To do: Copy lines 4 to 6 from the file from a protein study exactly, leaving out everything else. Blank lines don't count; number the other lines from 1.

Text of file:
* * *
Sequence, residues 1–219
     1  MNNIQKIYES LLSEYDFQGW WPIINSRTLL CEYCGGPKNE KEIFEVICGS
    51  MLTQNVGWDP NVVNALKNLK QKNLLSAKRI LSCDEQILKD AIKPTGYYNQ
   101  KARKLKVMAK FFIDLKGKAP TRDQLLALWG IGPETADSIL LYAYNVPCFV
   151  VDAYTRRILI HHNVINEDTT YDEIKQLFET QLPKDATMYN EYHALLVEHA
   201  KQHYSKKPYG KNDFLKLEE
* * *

   101  KARKLKVMAK FFIDLKGKAP TRDQLLALWG IGPETADSIL LYAYNVPCFV
   151  VDAYTRRILI HHNVINEDTT YDEIKQLFET QLPKDATMYN EYHALLVEHA
   201  KQHYSKKPYG KNDFLKLEE